Here is the real difference.  When you use the MCW you're using the SSB filters and bandwidth of the rig.  This will also disable your key so that you cannot use it.  Also, since your standard bandwidth in SSB is 2+ KHz, you may start hearing LOTS of CW signals.  With the "true keyed" option you use the CW settings of the rig with their options and filters which will give you a much finer control of what signal to zero in on.  I have an Icom 746 and there are options in the CW mode that are unavailable to me in SSB that make RX of CW signals much easier.  Then there are CW filters which are an entirely different subject.

So really it is up to your preference.  Personally my fist is terrible, and while I can copy fairly well, my sending stinks.  So I usually use MixW to send and copy by ear.  It's all up to you, but I wouldn't worry about the other guy, you really aren't taking up a lot of spectrum even if you are a few hertz off on your beat.

Have fun and 73

Jeremy N1ZZZ

Posts: 194

« Reply #3 on: December 18, 2001, 05:50:42 PM »

My IC 735 doesn't have the narrowest filters anyway, even in CW mode.  I'm not even sure I'm going to need to do CW that way, I just didn't want to limit myself and later wish I had gotten the plus model.
I seem to have gotten both ends of the opinion spectrum and I value both.  I'll have to mull it over some more.
Thanks to both of you....73

Posts: 2080

« Reply #4 on: December 20, 2001, 08:13:30 AM »

Hi Mike! (A fellow St. Louisan?)  I had originally purchased a standard M8 RigBlaster assuming that I could do actual CW keying with it (it does MCW).  When the RigBlaster PLUS came out and was reviewed on this site, I discovered that the PLUS did the TRUE CW keying as opposed to Modulated CW on the M8.  In addition to N1ZZZ's comments about being able to utilize the narrow CW filters on your rig, you also get the benefit of true QSK with the PLUS.  After my puzzled post in the eHam "Product Review" forum, Del, K1UHF, from West Mountain Radio emailed me and explained how the PLUS version's direct CW keying is easier on your rig (relays, etc).  So I bought a PLUS and moved my M8 to another radio.  I'd recommend that, if you need further clarification of all the differences, you contact Del at West Mountain Radio.  He has heard all the questions before and is very helpful.  73, Terry, WØFM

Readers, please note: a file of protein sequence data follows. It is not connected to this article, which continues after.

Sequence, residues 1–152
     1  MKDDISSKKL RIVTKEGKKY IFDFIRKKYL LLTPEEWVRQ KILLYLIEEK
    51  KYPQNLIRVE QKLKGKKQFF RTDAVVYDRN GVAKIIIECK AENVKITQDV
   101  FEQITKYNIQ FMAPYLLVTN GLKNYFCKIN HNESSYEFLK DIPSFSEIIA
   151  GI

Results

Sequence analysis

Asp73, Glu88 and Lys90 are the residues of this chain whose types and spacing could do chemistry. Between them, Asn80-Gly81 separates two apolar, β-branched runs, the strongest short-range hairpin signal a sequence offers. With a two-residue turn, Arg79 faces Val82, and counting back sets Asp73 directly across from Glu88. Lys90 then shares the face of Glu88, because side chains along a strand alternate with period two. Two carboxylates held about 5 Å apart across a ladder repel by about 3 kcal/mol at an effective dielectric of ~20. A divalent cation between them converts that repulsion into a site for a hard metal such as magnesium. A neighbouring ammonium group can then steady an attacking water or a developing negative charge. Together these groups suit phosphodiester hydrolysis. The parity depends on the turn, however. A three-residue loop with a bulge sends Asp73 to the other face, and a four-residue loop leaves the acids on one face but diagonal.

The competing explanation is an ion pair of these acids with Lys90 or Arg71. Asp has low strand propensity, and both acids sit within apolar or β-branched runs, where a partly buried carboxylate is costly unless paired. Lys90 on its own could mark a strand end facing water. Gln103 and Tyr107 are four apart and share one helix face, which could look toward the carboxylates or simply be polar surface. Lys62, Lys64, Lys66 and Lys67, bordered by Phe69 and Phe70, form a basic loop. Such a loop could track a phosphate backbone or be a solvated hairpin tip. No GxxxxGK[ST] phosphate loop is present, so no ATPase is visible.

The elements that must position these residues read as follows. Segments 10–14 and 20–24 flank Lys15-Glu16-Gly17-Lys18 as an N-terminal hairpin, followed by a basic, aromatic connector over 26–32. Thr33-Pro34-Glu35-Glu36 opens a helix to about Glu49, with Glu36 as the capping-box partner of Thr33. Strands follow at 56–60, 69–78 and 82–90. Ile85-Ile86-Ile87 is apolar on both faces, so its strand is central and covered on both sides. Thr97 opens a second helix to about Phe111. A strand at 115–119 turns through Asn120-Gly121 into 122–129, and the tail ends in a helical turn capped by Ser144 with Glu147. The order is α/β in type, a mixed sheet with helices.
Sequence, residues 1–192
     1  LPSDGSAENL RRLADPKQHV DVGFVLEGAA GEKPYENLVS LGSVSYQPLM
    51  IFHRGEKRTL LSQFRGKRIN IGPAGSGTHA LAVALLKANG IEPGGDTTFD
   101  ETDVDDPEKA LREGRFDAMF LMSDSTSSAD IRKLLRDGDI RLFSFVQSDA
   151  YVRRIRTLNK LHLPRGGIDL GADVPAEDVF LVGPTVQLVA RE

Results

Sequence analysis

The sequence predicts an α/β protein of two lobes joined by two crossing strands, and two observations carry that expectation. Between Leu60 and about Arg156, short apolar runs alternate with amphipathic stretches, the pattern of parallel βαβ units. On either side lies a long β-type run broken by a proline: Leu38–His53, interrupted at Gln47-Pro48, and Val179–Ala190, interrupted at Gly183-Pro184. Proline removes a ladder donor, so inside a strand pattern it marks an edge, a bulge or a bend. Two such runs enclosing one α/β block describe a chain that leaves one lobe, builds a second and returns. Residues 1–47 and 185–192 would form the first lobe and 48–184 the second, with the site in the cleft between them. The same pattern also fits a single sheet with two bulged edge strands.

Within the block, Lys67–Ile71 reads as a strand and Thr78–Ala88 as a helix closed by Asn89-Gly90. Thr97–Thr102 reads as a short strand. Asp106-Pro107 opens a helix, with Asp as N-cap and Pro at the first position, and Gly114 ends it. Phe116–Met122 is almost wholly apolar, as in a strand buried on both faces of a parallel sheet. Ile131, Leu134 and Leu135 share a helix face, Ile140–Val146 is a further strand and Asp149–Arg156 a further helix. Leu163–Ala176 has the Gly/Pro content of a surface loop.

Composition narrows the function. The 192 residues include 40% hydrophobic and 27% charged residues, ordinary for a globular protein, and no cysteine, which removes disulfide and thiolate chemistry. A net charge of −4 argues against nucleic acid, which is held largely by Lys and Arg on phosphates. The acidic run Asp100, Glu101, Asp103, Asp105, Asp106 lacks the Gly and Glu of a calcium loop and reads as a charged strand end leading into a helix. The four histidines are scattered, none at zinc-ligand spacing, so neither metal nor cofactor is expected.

Posts: 1

« Reply #5 on: December 21, 2001, 05:45:43 PM »

Let's clarify a couple of terms here.  MCW is NOT what you are generating when you inject a pure audio tone into a properly adjusted SSB transmitter.  

This is EXACTLY how the Collins S line generates CW.  There is a 1000hz (or so) audio generator that not only provides the cw sidetone, but feeds into the SSB audio chain to "generate" cw.   The reason this works is, when you mix a 1000hz tone with what is going to become the supressed carrier, you result in a pure rf carrier (unmodulated) that is 1000 cycles in freqwency away from where the suppressed carrier "would have been."   You are generating a CW "sideband".   If you listen to this carrier with an AM receiver you SHOULD NOT hear any tone--just pure carrier.

Modulated CW, on there other hand is normally thought of as an audible tone on an AM or FM receiver, and there seems to be some discussion as to whether making and breaking the carrier or just making and breaking the tone comprises "true" MCW.

Posts: 92

« Reply #6 on: December 26, 2001, 04:14:18 PM »

I don't see why you can't use both methods on either the Plus or the M8.  They should both support CW via the serial port.

I have a NOMIC, and I can use CWType to send CW using the rig's PTT/key circuitry (rather than triggering PTT and then sending Morse as an audio tone).

Any rig-to-computer interface that supports PTT-via-DTR/RTS will allow for most CW programs to send CW via the serial port.